"It just felt great to be in the studio with people that ate meat and smoked cigarettes and laughed and felt seemingly comfortable with who they were," Abbruzzese says. "They didn't worry about being politically correct or any of that. They were just themselves, getting along. To me it was something I needed to do. To quote Paul, he said I needed to get rid of that 'soul poisoning,' so it was something I felt would be good for me.

"But I also thought that to get all of these guys, who I have a tremendous amount of respect for, in the studio for a month would be a treat."

Most of their material will be filed away, protracted jam sessions from which actual songs might be salvaged at some point. But there are at least 12 complete songs among the lot, pieces that range from the funk-rock-reggae "Waiting for Sid" to the jazz-rap of "2926 Refugee" to the faux-French-cabaret of "Poop de Deux" (recorded during lunch hour in an Oak Lawn cafe). Undoubtedly, it contains some of Slavens' finest vocals ever set to tape; he sounds, at various times, like David Bowie, Peter Gabriel, and a male Marlene Dietrich, showcasing a range only hinted at all these years as Ten Hands' frontman. Moreover, the music is wonderful--dense with fragile guitar and powerful percussion, the sounds of accordion and bass and ambient noise perfectly piled upon each other.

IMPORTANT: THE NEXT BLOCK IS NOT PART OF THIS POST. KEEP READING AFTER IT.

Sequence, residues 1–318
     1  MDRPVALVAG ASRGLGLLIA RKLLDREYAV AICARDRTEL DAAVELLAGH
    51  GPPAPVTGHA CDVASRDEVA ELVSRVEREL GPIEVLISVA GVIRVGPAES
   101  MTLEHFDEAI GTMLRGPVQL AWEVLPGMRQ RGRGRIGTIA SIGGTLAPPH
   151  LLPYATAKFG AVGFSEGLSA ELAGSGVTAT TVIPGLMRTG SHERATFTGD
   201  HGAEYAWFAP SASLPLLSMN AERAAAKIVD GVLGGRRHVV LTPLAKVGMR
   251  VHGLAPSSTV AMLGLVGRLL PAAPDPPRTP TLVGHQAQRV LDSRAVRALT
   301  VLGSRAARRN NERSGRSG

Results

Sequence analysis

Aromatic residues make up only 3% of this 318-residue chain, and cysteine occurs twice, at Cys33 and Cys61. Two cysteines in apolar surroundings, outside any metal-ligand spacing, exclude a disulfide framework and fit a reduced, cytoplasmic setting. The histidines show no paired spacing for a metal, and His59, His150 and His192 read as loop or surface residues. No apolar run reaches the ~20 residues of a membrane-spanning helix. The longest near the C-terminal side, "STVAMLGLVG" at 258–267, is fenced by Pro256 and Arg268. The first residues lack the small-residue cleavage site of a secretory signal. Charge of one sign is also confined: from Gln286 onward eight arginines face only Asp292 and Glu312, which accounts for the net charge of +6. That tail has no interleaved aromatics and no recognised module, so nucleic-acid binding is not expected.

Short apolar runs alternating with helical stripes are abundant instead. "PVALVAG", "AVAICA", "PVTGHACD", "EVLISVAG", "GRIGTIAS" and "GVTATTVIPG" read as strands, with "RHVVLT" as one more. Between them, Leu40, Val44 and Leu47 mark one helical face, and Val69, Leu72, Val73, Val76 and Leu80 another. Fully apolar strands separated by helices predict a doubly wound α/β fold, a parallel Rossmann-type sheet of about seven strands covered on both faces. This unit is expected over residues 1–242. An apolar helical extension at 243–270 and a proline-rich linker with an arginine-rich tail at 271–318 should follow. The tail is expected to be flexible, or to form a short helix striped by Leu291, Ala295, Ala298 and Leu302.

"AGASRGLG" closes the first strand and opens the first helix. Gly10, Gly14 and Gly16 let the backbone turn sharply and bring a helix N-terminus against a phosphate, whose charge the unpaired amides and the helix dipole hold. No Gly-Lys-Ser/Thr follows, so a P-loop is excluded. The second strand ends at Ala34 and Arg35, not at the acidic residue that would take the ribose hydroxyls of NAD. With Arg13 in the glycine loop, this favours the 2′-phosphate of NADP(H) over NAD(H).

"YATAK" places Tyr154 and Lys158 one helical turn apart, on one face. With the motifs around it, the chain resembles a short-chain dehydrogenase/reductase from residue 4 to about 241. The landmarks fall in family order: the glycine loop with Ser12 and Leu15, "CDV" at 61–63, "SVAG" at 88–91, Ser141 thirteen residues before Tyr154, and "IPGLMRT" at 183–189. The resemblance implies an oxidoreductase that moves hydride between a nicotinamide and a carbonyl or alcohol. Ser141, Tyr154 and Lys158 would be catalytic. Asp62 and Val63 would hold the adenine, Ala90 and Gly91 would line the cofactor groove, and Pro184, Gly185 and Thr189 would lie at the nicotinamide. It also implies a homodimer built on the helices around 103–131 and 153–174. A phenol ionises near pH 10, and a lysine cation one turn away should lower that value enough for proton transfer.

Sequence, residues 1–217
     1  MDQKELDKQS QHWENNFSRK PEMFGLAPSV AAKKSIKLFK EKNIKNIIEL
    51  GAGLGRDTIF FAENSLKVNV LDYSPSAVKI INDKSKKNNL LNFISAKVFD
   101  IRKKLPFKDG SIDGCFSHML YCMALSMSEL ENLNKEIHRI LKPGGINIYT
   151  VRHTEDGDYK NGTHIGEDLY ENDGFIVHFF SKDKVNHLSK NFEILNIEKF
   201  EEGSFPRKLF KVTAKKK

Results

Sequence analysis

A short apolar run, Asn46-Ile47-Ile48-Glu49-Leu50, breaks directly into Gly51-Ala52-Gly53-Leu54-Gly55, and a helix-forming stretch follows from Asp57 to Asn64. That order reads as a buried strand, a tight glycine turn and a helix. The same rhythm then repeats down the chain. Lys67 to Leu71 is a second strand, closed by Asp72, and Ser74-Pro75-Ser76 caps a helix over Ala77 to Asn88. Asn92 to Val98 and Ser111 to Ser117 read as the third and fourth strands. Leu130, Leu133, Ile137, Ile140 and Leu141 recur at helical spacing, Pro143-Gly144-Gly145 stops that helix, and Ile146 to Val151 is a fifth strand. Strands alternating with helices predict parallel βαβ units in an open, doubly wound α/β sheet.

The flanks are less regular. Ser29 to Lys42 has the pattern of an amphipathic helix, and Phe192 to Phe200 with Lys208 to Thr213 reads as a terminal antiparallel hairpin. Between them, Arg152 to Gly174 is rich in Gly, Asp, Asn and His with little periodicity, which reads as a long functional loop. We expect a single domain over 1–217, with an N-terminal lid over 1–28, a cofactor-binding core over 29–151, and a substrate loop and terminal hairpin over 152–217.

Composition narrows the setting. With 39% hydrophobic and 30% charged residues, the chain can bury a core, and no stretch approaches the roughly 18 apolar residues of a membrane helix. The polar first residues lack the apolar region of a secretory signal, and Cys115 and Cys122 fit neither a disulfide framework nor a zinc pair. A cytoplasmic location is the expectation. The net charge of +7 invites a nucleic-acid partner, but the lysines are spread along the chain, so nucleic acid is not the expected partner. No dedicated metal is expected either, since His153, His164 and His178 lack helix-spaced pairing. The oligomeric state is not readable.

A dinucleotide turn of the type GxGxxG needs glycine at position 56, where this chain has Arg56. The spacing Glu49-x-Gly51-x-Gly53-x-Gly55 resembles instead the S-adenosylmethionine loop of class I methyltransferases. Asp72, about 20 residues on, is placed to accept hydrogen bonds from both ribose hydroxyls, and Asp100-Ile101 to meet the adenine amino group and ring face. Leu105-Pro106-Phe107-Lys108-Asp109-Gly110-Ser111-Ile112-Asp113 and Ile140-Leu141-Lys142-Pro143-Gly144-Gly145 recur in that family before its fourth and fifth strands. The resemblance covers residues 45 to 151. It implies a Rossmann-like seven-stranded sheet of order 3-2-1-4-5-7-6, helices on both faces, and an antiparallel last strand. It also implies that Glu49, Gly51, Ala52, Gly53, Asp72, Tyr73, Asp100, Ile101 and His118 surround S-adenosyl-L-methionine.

"We came into it with the idea we wouldn't have a direction, we would just go with what happened," Abbruzzese says. "If we left here with an hour's worth of music that sat well together in a record standpoint, then we'd have a record. If we left here with two things that we were really proud of, we'd be happy with that two. We'd have a tape we could give our friends for Christmas.